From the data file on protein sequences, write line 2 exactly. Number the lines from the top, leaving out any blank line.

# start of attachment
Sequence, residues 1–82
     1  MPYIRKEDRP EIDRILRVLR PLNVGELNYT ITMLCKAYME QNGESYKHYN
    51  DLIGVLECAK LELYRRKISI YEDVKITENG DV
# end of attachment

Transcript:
     1  MPYIRKEDRP EIDRILRVLR PLNVGELNYT ITMLCKAYME QNGESYKHYN